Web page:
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Anhedonia

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Hermioni L Amonoo – 1st expert on this subject based on the ideXlab platform

  • does desire to pursue pleasurable activities matter the impact of pretransplantation Anhedonia on quality of life and fatigue in hematopoietic stem cell transplantation
    Biology of Blood and Marrow Transplantation, 2020
    Co-Authors: Hermioni L Amonoo, Alyssa L Fenech, Joseph A Greer, Jennifer S Temel, Jeff C Huffman, Areej Eljawahri

    Abstract:

    Anhedonia, the loss of the capacity to experience pleasure, is subjectively and biologically distinct from depressed mood. Few studies have specifically examined the association of pretransplantation Anhedonia with key functional outcomes (eg, health-related quality of life [QOL]) in patients with hematologic malignancies who have undergone hematopoietic stem cell transplantation (HSCT). Among 248 HSCT recipients enrolled in 2 intervention trials, we examined the associations between pretransplantation Anhedonia and both QOL and fatigue at 2 weeks and 6 months post-transplantation. Across time points, patients completed the Hospital Anxiety and Depression Scale, Functional Assessment of Cancer Therapy-Bone Marrow Transplant, and Functional Assessment of Cancer Therapy-Fatigue subscale, which we used to measure depressive symptoms, QOL and fatigue, respectively. Pretransplantation Anhedonia was assessed using the corresponding item in the Patient Health Questionnaire-9. The Functional Assessment of Cancer Therapy-Bone Marrow Transplant and the Functional Assessment of Cancer Therapy-Fatigue subscales were used to measure QOL and fatigue. Associations between pretransplantation Anhedonia and outcomes were assessed using regression analyses, adjusting for age, sex, transplant type, and intervention group. Ninety-eight patients (39.5%) reported pretransplantation Anhedonia, of whom 60 (61%) did not meet the criteria for elevated depressive symptoms. Pretransplantation Anhedonia was negatively associated with QOL at 2 weeks (B = -17.21; 95% confidence interval [CI], -23.05 to -11.30; P < .001) and at 6 months (B = -15.10; 95% CI, -21.51 to -8.69; P< .001). Pretransplantation Anhedonia was also negatively associated with fatigue (2 weeks: B = -9.35; 95% CI, -12.47 to -6.22; P< .001; 6 months: B = -5.68; 95% CI, -9.07 to -2.28; P= .001). The association between pretransplantation Anhedonia and QOL and fatigue remained significant after adjusting for depression scores. Pretransplantation Anhedonia is negatively and significantly associated with QOL and fatigue in HSCT recipients. These findings underscore the need to incorporate Anhedonia assessment in the evaluation and management of psychological distress in these patients.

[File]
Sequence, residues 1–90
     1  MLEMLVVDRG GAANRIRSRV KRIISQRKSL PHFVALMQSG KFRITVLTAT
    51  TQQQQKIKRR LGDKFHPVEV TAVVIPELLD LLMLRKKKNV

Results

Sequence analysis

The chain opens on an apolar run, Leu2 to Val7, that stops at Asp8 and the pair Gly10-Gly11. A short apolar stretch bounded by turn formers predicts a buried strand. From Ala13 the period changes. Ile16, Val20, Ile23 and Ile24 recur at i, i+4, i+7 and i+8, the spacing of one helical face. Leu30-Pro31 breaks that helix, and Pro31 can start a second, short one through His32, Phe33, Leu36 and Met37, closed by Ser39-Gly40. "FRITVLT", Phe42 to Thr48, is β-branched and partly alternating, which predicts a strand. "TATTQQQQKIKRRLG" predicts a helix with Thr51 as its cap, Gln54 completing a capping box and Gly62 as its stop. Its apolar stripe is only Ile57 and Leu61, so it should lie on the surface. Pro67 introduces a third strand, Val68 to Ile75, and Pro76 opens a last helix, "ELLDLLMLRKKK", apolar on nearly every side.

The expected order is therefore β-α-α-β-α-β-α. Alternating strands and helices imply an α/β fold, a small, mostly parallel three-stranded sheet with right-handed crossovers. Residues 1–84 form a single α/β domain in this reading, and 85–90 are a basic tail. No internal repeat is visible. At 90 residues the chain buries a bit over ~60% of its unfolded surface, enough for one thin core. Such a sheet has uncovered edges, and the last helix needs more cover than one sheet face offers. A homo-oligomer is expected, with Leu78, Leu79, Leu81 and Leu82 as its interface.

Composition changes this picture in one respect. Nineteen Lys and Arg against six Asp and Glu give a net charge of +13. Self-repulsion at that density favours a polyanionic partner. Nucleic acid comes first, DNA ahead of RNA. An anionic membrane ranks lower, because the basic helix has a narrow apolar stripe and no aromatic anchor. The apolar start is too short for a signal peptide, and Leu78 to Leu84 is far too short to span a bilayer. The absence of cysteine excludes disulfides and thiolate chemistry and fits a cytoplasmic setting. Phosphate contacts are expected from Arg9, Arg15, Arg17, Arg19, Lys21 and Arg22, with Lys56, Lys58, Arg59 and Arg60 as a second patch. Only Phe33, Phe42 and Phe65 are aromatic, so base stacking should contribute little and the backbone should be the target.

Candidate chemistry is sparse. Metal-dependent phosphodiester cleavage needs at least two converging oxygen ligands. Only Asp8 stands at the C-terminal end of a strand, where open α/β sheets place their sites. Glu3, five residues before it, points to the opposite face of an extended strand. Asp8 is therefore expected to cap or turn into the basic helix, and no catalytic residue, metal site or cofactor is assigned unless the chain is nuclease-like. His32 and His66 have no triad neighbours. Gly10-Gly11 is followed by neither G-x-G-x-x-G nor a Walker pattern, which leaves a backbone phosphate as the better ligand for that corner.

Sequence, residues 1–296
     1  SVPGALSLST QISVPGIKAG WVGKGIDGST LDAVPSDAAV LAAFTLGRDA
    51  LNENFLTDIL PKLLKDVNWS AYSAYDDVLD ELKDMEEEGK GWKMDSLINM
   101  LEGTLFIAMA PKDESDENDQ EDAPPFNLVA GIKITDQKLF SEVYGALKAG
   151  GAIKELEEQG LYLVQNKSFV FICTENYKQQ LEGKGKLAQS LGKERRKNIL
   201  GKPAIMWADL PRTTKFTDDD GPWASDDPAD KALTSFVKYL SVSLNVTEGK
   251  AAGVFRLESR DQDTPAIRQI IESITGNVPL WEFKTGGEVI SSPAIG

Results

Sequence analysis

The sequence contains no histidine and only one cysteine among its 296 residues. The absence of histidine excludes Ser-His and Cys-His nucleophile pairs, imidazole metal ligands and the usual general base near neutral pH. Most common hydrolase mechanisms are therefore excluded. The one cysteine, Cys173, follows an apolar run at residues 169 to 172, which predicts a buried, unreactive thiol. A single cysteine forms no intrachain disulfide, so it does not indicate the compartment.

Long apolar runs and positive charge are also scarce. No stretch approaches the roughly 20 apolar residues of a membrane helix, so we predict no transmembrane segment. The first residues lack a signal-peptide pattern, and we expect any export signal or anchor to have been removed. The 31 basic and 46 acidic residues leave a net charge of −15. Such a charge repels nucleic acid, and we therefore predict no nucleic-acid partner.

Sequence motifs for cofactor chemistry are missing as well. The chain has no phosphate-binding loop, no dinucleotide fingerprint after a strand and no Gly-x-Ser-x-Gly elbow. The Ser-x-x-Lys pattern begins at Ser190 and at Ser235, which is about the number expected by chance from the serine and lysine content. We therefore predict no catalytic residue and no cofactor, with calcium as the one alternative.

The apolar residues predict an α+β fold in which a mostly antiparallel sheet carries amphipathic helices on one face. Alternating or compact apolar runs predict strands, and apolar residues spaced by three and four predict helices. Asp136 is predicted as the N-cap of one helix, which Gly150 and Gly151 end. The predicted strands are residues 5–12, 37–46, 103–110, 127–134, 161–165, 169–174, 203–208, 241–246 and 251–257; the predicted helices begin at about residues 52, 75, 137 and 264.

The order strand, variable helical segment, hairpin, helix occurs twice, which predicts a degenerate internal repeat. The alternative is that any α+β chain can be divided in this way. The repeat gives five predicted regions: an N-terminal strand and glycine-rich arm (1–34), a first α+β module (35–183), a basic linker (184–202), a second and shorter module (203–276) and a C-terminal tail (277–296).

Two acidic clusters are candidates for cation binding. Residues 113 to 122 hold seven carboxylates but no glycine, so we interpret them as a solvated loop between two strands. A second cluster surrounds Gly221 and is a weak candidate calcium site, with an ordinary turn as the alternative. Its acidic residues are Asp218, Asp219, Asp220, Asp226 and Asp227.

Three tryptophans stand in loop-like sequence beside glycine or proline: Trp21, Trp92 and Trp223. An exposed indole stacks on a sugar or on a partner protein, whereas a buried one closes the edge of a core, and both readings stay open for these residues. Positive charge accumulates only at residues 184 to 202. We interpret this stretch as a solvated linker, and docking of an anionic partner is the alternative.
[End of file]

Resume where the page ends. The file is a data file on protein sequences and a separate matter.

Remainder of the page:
• does desire to pursue pleasurable activities matter the impact of pre transplant Anhedonia on quality of life and fatigue in hematopoietic stem cell transplantation
    Biology of Blood and Marrow Transplantation, 2020
    Co-Authors: Hermioni L Amonoo, Alyssa L Fenech, Joseph A Greer, Jennifer S Temel, Jeff C Huffman, Areej Eljawahri

    Abstract: